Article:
Brevets / Randonnees are timed events in which cyclists ride a pre-determined course, passing a number PCs (points de controle) and completing the overall course under a time limit. It’s not a race and results are not published ranked by completion time. The overall time limits are:

- 200 km – 13:30 h
- 300 km – 20:00 h
- 400 km – 27:00 h
- 600 km – 40:00 h
- 1000 km – 75:00 h

These limits mostly correspond to an average speed of 15 km/h, including all breaks for rest, food, sleep, etc.

Each PC also has a defined closing time. Before a recent brevet, I took a look at the PC closing times in a cue sheet and it seemed the first PC was open too late, i.e. later than what would correspond to a speed of 15 km/h from the event start time to the PC, but it turned out to be the correct time.

Today I had a look at the official regulations and found out why. Basically, the 15 km/h equivalency only applies above 60 km and until 600 km. For any PC in the first 60 km of the course, the closing time is one hour after when you would arrive there at 20 km/h (both formulas arrive at the same result at 60 km: 4 h * 15 km/h = 60 km; 3 h * 20 km/h = 60 km). This provides a sensible rule for participants who start later than the course opening time, for example because they arrive late or because the event has so many participants that it takes a significant amount of time for all of them to cross the starting line. A ride starting at 7:00 could have a final starting time of 8:00 and people can still make check points as long as they maintain an average of 20 km/h, making up the time within the first 60 km.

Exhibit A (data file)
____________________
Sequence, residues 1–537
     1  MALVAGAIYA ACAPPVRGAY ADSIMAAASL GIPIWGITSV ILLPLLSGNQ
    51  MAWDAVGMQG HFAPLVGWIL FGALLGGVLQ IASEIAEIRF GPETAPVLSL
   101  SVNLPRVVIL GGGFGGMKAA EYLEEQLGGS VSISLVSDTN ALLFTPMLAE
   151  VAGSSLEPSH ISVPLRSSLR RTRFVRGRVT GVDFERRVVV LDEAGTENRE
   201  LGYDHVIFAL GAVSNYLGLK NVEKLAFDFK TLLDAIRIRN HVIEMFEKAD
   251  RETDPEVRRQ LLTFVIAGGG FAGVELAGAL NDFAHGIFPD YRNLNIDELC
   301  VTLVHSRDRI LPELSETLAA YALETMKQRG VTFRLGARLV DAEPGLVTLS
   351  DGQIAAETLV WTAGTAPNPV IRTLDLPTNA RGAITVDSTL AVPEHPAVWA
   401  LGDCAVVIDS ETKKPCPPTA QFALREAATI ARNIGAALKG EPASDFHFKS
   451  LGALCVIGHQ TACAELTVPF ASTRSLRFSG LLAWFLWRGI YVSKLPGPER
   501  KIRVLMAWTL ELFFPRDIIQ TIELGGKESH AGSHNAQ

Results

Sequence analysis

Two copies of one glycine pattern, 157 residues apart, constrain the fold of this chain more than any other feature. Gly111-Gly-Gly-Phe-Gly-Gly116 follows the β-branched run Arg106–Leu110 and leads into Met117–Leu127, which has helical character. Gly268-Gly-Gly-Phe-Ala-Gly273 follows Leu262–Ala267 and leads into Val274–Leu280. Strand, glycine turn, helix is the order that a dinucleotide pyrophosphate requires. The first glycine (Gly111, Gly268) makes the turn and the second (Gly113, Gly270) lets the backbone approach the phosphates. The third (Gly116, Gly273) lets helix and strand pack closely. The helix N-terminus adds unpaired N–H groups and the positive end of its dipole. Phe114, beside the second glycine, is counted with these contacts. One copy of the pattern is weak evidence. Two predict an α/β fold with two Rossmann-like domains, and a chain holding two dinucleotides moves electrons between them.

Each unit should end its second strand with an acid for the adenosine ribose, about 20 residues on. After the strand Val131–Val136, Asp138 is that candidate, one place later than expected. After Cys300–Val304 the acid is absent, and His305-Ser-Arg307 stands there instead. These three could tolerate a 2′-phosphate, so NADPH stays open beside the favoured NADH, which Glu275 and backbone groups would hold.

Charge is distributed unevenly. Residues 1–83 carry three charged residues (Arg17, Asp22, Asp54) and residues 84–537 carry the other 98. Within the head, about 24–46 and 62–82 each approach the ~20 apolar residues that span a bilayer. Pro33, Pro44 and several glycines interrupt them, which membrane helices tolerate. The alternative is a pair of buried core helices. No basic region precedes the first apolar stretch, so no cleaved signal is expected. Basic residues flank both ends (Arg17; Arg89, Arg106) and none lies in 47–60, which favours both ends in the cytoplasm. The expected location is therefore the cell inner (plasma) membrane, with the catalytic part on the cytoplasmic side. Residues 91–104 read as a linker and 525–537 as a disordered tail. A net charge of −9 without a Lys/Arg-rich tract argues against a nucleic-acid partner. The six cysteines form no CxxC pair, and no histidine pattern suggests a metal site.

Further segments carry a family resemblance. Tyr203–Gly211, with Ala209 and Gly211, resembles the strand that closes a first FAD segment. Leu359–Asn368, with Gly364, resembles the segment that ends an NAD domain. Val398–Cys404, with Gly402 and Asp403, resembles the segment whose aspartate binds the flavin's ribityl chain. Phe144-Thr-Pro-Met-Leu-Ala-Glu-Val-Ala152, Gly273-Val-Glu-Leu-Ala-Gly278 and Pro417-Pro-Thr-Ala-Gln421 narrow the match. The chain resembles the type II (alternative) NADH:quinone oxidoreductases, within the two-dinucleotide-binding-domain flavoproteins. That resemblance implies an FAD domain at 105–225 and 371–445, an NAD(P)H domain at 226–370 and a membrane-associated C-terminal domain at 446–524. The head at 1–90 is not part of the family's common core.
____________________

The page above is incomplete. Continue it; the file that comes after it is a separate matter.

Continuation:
The average speed required after reaching the 600 km mark also drops, to 11.428 km/h between 601 km and 1000 km. In a 1000 km brevet, participants have 35 hours for the final 400 km vs. 40 hours for the first 600 km. This provides more time for sleeping on longer events.

Participants at Paris-Brest-Paris (1200 km) also have more time for the return journey from Brest than they have on the way out. In the slowest category, participants have 90 hours for the complete trip, vs. 40 hours for the first half, leaving up to 50 hours for the second half.

I understand the rules for control closing times a bit better now.

Personally, I am too slow to leave enough time for more than extremely short naps on a reasonably hilly course, such that I am unable to complete anything over 400 km because I end up with too much of a sleep deficit after about 27 hours. Therefore I will probably never experience the benefit of the more relaxed control closing times that kick in after the 600 km point.

I’ll be riding a 300 km brevet coming Saturday / Sunday and the trick, as always, will be to get enough sleep upfront to be able to make it through the (20 hour maximum) course without getting too sleepy during the event ðŸ™‚